“You have a vaginal infection.” These words will strike fear into the heart (and vaginas) of most women. After all, no one likes having a vagina that’s itchy, irritated, or producing discharge. But if you do find that you have a vaginal infection, what does this mean for your health — and your sex life?

There are two main types of vaginal infections, explains Dr. Alyse Kelly-Jones, an OBGYN: a yeast infection or bacterial vaginosis. While they’re different, they do have some similarities in terms of symptoms, she says. “Both have colored discharge, both can cause odors, and both can cause itching and irritation.”

Most healthy vaginas have a balance of yeast and other kinds of bacteria. A yeast infection is when the yeast cells in the vagina multiply, throwing off the balance of the vaginal flora (which are the bacteria that live in the vagina). For many people, this results in seriously uncomfortable symptoms like itching, redness, and even a whitish, clumpy discharge. Sometimes, a yeast infection will also produce a yeasty smell, like bread or beer.

Bacterial vaginosis is another type of common vaginal infection, according to Dr. Kelly-Jones. Like a yeast infection, it happens when the balance of bacteria in the vagina changes, causing an overgrowth of “bad” bacteria vs healthy bacteria (lactobacillus is one of the most well-known healthy bacteria found in the vagina… and yes, it’s the same bacteria you can find in yogurt or a probiotic). Some research has demonstrated that BV (as it’s commonly abbreviated) can be triggered by sexual activity, especially when that involves sex with a new partner. People with BV often have a higher vaginal pH than people without the infection.

BV typically has fewer symptoms than a yeast infection, and many people with BV don’t have any symptoms at all (some report a whitish or yellowish discharge with a fishy smell). It’s possible to have BV for quite a while and not even know it, until you start to see or feel symptoms or if you are tested for it at an appointment. Often, BV goes away by itself, within a few days or weeks.

Both infections are treated in two common ways, either with a local treatment (a medication you apply directly to the vagina) or a systemic treatment (a medication you take orally), explains Dr. Kelly-Jones. You can talk with your healthcare provider about which would be better for you, based on your symptoms, preferences, and lifestyle.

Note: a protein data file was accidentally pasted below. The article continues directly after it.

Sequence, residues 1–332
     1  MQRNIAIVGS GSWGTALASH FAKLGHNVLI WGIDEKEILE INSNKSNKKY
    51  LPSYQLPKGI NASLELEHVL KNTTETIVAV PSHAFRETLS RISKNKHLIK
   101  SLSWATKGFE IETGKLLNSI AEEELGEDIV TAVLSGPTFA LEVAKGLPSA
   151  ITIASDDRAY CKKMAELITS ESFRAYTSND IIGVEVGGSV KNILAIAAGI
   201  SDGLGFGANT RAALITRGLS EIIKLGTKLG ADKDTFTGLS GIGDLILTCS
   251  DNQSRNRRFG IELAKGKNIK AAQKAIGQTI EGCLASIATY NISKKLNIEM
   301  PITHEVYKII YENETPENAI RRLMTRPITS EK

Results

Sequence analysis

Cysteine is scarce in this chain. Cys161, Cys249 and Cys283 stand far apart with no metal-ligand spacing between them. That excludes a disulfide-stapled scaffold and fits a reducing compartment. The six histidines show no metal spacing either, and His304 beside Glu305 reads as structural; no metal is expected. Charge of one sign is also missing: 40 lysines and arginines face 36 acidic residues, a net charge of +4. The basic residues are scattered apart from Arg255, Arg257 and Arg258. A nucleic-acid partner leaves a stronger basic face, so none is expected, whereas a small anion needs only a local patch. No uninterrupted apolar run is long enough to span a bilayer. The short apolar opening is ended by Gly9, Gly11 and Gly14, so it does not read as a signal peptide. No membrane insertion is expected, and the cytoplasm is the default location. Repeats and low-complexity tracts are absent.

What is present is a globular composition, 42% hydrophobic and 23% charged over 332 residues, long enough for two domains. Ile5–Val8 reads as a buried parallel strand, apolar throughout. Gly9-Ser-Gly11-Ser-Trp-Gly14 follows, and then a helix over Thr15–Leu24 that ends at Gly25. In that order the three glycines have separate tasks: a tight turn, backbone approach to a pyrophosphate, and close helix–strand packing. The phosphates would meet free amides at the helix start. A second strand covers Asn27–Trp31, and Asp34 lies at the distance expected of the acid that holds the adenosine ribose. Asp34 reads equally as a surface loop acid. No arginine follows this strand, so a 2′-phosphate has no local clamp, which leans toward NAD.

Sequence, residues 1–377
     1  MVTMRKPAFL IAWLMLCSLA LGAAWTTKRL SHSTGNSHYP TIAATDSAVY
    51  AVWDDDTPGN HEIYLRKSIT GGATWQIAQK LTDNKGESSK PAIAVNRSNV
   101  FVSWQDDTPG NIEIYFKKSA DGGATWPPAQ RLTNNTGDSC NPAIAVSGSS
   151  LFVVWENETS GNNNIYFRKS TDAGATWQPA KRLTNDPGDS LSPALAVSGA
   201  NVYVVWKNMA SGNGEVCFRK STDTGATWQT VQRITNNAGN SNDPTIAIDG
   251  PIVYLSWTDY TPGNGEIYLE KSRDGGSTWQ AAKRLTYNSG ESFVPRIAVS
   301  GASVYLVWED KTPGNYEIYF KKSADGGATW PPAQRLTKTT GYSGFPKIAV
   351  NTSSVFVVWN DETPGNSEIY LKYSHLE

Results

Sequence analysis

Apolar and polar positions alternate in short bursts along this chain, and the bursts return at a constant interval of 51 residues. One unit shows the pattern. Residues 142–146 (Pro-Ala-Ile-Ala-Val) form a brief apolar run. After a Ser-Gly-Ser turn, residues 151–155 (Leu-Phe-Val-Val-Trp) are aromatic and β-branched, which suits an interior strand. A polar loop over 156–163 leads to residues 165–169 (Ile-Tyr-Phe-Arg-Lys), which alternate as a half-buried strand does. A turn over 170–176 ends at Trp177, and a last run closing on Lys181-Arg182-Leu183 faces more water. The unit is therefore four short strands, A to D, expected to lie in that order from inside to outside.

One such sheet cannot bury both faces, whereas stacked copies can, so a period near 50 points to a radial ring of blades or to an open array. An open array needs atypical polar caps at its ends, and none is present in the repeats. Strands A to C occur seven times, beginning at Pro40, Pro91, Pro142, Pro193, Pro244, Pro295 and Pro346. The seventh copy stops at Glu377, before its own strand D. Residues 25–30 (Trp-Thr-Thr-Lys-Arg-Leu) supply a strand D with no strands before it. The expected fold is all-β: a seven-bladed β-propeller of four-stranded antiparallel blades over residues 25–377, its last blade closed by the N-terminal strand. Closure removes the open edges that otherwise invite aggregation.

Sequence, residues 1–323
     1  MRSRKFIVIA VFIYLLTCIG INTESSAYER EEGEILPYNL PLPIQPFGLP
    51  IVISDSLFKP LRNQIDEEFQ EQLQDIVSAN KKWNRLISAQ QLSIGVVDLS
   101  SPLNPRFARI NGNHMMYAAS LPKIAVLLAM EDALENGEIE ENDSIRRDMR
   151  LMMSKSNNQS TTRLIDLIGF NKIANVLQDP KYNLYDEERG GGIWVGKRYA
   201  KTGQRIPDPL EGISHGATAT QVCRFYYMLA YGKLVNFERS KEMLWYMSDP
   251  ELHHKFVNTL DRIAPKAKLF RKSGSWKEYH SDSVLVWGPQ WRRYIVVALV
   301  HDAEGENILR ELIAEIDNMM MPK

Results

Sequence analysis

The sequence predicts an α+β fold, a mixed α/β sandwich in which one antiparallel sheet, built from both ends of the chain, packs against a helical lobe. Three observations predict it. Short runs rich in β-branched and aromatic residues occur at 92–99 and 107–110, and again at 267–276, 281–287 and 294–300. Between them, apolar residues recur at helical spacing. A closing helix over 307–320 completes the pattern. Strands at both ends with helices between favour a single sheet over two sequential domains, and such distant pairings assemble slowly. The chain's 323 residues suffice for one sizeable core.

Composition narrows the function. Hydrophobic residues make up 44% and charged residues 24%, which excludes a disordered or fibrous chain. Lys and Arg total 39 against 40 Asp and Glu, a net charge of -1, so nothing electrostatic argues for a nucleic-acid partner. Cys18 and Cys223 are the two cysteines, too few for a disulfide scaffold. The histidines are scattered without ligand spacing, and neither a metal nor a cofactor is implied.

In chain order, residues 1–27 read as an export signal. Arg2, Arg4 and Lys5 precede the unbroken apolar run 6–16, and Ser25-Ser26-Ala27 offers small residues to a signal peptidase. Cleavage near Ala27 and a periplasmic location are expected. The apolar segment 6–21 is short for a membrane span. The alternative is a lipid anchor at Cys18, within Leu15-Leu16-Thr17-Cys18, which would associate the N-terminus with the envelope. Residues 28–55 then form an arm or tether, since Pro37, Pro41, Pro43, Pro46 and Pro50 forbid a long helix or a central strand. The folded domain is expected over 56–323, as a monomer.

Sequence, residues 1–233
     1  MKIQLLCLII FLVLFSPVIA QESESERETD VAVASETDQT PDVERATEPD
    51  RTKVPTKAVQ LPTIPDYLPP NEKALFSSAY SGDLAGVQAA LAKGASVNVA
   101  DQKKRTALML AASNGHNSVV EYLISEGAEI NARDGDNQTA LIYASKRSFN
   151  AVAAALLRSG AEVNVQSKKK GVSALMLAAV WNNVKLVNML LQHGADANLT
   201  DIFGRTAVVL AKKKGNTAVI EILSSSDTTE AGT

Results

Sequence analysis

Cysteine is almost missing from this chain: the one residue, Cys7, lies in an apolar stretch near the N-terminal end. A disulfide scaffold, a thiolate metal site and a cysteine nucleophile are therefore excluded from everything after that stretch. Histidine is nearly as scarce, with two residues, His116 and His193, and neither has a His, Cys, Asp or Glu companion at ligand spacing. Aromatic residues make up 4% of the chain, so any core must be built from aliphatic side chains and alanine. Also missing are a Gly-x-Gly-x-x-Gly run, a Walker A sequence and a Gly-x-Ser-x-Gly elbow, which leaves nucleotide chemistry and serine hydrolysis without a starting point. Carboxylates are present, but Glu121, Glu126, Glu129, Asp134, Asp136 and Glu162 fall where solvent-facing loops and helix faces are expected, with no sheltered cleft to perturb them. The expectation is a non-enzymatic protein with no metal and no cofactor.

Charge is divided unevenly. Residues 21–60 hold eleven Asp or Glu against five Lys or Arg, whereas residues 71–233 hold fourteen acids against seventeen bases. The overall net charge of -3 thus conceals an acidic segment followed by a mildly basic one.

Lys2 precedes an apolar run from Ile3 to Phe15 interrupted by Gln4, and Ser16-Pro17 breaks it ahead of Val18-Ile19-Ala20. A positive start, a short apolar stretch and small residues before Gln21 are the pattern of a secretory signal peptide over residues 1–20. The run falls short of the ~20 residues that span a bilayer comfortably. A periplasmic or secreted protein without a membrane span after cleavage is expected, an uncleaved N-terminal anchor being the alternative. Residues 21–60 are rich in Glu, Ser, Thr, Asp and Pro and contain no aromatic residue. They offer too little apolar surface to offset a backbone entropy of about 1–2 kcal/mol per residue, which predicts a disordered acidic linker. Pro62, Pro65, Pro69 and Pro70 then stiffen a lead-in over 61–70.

Bacterial vaginosis is most often treated with an antibiotic medication, while a yeast infection is treated with an antifungal medication like fluconazole or clotrimazole (delivered orally or vaginally). Dr. Kelly-Jones says she often prescribes medications for patients over the phone based on their symptoms, so that may be an option if you can’t snag an in-office appointment — but this may not be possible if you’re a new patient. There are also over-the-counter medications, like Monistat, available for yeast infections — just check out the feminine health aisle at your local drug or grocery store.

Regardless of what type of infection you’ve got, it’s probably a good idea to refrain from intercourse until symptoms have cleared up, says Dr. Kelly-Jones. “Most women are just not comfortable to have intercourse when they have an infection.” If you have a male partner, she adds that the introduction of sperm into the vaginal environment could even worsen symptoms because of the fact that sperm can further alter the vagina’s pH. You can still engage in other types of sexual activity, but receiving oral sex might also be a no-no — it just depends on your comfort level and that of your partner, as some people may be grossed out.

You can’t pass BV to a male partner and it’s very rare that male partner gets any sort of irritation from a yeast infection. If you have sex with women, though, it is possible to pass BV to a partner — the jury is still out on the possibility of passing yeast infections, but that may also be possible.

If you find that you have recurring yeast infections or BV, it’s worth visiting with your doctor to discuss causes and treatment, as well as to troubleshoot why the infections keep coming back. For some people, diet changes (like reducing carbohydrates or sugar) can make a difference in symptoms, Dr. Kelly-Jones says. “What we eat is important to our overall well-being and health. Let’s look at the overall system and what’s going on.”

Carrie Murphy is a freelance writer and doula in Albuquerque, NM. Read more on her website, carrie-murphy.com.